The Centre for the Study of Democratic Citizenship (CSDC) brings together a group of scholars from five Québec universities, who work on research related to democratic citizenship. The purpose of the Centre is to develop inter-disciplinary and multiple methodological perspectives in the study of challenges that democracies face in a rapidly changing world.
The Centre was established in 2008 under the leadership of Elisabeth Gidengil. In June, 2013 Dietlind Stolle became the new Director of the Centre. Frédérick Bastien is the Associate Director of the CSDC. The Centre is currently comprised of 27 faculty members, nearly 90 graduate students and postdoctoral fellows, and 15 Canadian and international Associate members.
The Centre’s main goals are to promote scientific research on fundamental questions relating to democratic citizenship, to contribute to policy debates on strengthening democracy both in Canada and abroad, to take a leadership role in the development of large-scale cross-national research projects, and to provide an enriched training environment for graduate students and postdoctoral fellows.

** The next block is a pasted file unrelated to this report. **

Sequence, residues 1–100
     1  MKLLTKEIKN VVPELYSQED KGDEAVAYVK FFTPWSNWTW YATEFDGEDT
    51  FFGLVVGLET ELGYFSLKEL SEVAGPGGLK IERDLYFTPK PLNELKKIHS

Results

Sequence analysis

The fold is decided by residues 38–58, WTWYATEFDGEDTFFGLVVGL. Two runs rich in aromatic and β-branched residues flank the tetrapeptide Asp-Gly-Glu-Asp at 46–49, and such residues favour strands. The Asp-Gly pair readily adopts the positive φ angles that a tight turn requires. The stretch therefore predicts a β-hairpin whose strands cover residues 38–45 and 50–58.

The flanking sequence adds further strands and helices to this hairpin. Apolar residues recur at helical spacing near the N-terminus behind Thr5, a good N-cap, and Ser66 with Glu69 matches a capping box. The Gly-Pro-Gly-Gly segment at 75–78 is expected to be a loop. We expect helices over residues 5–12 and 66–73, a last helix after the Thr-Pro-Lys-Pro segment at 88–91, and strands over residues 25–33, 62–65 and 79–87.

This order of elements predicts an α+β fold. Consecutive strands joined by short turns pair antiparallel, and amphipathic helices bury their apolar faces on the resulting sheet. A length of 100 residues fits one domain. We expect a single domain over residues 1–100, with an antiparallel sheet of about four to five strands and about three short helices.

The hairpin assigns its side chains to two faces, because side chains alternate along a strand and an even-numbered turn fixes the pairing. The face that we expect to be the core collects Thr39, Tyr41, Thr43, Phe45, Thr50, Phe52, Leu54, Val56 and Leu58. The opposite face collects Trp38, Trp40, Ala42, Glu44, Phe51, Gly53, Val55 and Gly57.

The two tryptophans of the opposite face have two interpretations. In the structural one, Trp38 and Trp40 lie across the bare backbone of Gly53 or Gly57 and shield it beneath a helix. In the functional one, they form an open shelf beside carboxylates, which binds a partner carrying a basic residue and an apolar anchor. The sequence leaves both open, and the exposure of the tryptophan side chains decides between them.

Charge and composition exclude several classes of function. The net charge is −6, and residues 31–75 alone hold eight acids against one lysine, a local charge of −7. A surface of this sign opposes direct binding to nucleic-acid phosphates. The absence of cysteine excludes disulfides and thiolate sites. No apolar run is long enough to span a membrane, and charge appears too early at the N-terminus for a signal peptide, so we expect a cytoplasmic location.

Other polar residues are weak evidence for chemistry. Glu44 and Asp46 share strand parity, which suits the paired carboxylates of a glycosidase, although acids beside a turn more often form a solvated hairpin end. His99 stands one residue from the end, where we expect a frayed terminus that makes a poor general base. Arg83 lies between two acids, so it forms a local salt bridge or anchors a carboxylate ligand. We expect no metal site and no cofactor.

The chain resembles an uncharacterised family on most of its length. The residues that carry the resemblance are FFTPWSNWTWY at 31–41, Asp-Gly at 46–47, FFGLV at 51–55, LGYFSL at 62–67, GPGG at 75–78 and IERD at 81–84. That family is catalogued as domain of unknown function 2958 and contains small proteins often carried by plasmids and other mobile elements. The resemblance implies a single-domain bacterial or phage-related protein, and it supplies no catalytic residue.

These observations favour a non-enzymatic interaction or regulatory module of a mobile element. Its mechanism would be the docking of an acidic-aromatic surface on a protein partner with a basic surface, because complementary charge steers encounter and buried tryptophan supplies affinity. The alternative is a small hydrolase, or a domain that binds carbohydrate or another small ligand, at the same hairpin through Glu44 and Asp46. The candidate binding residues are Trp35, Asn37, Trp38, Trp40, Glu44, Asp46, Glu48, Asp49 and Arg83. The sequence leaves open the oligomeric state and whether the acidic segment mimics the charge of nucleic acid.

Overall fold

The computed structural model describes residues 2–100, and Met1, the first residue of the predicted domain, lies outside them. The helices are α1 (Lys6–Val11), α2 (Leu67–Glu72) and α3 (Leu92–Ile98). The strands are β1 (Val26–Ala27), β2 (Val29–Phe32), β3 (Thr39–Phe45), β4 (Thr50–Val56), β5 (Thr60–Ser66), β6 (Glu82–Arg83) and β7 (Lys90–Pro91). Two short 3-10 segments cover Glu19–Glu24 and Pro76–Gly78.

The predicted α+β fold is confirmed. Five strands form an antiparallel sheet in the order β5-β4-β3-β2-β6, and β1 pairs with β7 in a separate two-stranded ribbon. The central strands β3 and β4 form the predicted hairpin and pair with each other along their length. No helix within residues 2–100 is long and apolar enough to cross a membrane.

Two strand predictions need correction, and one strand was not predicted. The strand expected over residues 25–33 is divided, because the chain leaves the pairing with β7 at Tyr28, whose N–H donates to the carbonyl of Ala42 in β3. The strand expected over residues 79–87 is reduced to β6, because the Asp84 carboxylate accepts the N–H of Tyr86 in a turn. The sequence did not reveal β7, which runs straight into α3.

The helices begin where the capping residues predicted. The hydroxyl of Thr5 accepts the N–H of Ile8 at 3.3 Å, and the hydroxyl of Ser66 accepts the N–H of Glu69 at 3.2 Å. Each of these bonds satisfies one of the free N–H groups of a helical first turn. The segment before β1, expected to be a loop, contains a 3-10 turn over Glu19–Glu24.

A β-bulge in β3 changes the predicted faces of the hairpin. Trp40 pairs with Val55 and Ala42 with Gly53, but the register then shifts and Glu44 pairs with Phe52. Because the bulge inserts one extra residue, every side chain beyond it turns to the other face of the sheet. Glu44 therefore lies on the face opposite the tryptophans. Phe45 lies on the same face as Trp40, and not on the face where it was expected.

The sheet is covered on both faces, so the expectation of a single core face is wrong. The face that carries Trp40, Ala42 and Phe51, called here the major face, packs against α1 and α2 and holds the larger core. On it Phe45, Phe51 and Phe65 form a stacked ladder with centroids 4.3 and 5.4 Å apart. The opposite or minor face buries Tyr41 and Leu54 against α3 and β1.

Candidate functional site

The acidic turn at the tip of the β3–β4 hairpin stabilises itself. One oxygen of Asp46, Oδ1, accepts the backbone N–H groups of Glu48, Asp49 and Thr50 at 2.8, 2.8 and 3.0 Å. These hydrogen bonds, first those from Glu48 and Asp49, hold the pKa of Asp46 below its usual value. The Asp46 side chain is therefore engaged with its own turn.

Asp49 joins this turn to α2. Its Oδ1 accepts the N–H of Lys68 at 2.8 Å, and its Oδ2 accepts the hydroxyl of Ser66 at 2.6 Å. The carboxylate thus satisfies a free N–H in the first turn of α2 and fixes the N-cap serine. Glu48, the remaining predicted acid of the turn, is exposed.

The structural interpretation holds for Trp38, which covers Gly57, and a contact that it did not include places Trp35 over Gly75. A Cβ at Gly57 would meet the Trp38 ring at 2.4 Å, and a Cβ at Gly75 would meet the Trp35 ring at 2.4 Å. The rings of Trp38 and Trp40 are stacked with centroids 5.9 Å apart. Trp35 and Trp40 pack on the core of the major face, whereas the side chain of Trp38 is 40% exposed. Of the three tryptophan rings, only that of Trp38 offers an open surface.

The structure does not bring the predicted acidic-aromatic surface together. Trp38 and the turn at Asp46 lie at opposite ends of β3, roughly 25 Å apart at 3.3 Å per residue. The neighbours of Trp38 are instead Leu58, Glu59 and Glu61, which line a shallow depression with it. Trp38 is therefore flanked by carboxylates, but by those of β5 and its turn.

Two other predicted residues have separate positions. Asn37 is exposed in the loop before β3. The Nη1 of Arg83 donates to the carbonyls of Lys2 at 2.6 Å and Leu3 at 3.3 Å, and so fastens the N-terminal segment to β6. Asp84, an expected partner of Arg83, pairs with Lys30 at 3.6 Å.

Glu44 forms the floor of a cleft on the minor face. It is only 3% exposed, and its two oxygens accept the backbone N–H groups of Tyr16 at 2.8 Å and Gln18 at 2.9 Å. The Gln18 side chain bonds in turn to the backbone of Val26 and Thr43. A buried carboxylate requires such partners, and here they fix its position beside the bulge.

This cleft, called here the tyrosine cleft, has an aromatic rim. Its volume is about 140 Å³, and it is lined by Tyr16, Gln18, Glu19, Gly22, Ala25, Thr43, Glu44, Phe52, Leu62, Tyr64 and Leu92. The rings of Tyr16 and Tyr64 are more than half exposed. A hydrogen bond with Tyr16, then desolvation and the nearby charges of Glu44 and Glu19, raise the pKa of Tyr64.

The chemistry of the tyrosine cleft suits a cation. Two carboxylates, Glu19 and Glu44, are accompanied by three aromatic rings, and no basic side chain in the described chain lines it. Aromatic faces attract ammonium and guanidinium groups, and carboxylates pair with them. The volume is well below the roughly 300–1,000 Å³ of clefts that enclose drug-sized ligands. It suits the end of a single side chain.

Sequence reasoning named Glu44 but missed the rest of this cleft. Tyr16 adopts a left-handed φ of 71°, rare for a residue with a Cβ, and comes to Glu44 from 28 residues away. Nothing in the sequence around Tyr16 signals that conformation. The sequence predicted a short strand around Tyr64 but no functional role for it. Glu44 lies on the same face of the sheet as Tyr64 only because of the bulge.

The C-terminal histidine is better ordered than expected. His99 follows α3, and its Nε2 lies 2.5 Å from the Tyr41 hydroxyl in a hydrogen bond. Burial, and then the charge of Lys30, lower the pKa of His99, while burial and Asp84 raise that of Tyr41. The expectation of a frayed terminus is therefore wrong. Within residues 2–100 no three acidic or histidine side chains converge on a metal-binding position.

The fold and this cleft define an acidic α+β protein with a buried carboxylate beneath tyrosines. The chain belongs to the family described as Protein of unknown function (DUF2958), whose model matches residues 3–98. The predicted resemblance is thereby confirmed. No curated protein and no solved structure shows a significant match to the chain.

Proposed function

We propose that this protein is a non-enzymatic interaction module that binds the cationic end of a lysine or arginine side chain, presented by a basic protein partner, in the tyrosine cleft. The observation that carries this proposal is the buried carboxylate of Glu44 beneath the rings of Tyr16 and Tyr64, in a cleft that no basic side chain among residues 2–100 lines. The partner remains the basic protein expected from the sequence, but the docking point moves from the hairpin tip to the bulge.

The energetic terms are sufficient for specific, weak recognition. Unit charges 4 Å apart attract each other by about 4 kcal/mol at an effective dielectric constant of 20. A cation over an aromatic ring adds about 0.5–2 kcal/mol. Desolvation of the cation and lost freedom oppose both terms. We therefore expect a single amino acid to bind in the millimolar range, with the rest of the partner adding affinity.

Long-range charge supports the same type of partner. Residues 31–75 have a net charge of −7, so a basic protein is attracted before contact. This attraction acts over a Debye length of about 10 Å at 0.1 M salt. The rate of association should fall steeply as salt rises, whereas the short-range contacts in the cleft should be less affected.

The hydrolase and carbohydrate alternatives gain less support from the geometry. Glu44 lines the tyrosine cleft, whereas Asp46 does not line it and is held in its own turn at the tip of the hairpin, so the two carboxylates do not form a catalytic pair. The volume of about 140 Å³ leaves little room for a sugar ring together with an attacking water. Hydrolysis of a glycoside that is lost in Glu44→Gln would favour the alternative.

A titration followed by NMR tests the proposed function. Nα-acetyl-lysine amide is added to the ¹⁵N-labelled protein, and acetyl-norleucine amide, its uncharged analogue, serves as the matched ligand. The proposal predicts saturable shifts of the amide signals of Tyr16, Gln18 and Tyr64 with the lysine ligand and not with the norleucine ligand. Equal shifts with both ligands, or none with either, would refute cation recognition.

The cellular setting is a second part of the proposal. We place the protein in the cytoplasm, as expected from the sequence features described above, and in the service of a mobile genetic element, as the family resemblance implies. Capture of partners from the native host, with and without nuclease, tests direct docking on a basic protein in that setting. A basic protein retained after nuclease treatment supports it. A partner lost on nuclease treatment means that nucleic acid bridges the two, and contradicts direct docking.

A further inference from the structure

CSDC researchers address a wide range of questions relating to the relationship between citizens and the political process. How do citizens decide who to vote for? Can citizens hold governments accountable? How do citizens form attitudes about public policy? What accounts for political participation, or, perhaps more importantly, a lack of political participation? What are the implications of social diversity for engagement, or policy support? These and related questions play a central role in the work pursued by scholars at the CSDC.
These pages provide information on CSDC members as well as our existing research activities, including recent research papers and upcoming workshops and seminars.
If you have any questions or require more information, please contact us by email, mail or phone.
For a quick overview of the CSDC, check out our infographic by clicking here.